Started Thanksgiving day out with a 9 mile run along the Pecos River in Carlsbad, New Mexico. My iPhone app tracked 13 miles at a 5 minute pace. So much for accuracy. I probably ran an 8:30 minute pace over the course of three loops. Felt good after driving for 11 hours the day before. Later in the day I emailed Karen some links to Garmin GPS watches as ideas for a Christmas gift.
I discovered this urban riverside run when I visited my sister-in-law Laura and her husband Chad for Thanksgiving last year. It’s very pleasant with people fishing and geese vying for control of the sidewalk. For some reason I forgot that it is completely paved. I’d prefer a trail. Since everyone drives at least 5 miles under the speed limit in this town, I was able to gaze into the undeveloped desert on my drive back. It occurred to me that there must be more than a few running trails in this area.
I drive right past the flume on the way back home. It looks like an abandoned cement bridge to nowhere. Over 100 years ago, Ripley’s listed it as the largest cement structure in the world. There has to be some trail associated with this monolith. I queried it later in the day and learned that it launches the start of a 6.4 mile, 5-foot wide asphalt recreational trail that is located along the Carlsbad Irrigation District Canal and runs the entire length of the city. Okay, asphalt is not a trail but this looks interesting. An out and back will make for a 12.8 mile run.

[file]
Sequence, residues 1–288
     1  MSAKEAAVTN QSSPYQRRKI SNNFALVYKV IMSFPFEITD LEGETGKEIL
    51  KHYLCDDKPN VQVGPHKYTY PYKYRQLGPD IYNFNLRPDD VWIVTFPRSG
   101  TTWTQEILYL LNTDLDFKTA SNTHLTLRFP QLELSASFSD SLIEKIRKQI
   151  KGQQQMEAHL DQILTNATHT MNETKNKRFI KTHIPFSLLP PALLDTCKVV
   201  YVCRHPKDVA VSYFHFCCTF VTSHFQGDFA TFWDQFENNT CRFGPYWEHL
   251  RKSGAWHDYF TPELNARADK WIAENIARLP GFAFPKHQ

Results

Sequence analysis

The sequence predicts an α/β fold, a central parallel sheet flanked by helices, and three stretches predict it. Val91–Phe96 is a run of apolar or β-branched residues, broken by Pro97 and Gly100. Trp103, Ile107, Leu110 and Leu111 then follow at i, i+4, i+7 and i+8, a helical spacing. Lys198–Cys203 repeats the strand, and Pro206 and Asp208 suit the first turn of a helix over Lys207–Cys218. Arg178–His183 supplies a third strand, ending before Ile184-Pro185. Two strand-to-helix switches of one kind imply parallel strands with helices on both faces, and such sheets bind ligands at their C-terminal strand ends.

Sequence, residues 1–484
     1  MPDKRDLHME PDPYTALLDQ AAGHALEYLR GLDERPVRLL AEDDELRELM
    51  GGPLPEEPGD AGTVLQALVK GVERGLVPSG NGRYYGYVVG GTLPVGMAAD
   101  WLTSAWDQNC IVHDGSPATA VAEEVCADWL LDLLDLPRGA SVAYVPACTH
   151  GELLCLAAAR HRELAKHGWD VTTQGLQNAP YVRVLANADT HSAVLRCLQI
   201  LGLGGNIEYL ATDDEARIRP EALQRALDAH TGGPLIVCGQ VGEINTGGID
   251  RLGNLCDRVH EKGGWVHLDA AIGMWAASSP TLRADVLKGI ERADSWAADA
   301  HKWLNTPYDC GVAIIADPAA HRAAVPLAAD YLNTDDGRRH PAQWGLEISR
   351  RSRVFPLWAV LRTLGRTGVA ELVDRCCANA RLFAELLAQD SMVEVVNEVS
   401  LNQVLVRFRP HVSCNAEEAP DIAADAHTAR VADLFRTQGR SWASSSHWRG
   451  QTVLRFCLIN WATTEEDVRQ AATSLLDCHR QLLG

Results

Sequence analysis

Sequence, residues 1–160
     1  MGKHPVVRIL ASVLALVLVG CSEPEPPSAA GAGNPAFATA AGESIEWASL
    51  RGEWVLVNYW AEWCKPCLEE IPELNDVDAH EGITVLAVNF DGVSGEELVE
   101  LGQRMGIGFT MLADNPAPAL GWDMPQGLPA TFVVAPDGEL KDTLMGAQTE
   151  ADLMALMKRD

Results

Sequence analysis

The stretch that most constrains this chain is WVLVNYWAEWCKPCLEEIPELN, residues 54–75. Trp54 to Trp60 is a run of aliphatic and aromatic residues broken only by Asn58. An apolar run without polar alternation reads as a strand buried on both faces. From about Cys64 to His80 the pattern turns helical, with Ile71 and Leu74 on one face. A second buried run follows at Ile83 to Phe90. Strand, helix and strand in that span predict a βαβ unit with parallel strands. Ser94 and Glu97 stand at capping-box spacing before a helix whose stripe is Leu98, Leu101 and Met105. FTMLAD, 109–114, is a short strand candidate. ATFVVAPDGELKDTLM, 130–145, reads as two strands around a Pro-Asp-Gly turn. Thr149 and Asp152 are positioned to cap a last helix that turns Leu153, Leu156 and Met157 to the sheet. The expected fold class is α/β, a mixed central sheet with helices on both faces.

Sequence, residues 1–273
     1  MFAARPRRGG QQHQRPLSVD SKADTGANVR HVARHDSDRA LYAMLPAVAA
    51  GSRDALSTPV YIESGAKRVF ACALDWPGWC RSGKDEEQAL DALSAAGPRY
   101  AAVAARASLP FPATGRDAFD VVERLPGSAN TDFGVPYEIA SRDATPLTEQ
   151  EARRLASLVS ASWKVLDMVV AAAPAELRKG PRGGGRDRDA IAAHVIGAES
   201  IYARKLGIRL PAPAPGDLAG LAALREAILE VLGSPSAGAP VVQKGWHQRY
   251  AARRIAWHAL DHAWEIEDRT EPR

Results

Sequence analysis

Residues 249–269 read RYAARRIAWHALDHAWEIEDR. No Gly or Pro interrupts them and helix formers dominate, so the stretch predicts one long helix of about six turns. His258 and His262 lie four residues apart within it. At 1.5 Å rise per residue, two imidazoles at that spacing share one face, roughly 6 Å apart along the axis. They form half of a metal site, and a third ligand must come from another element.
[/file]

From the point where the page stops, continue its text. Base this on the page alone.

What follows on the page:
So on Friday I parked back behind the hospital at the flume to run the Carlsbad Irrigation Canal. I wouldn’t describe this path as scenic or extraordinary in any way, but it is a hike and bike path and serves this purpose well. It begins by meandering through hardscrabble neighborhoods with $50,000 pickup trucks sitting in front of $30,000 houses and pitbulls tethered to dirt yards. These dismal abodes eventually yield to a more rural setting equally unattractive along the southern edge of town. I turned around about a mile short of the end because I wasn’t sure it continued and because I was ready. I ran back on the other side of the canal which was mostly dirt and gravel. I actually preferred this as it more resembled a trail and would be easier on my knees. Total time was 80 minutes and I’m guessing I ran close to an 8 minute mile pace for nearly ten miles.
Given what I know of Carlsbad to date, I recommend this running route. The river downtown is more scenic but it’s all cement sidewalk. This might not be much of a running town but I suspect the real runners know where the trails are. I did research online and just couldn’t fund much. There is the Ocotillo Trail near the university campus, but it is only 1 mile in length. There is Brantley Lake State Park 12 miles north of town, but I am not certain it provides any good trails. I’d have to drive there to know for sure. A bit disappointing I can’t find more online. Still, I intend to discover a trail for my next visit. This high altitude desert simply has to have some trails. If you are familiar with the area, please provide ideas via comments.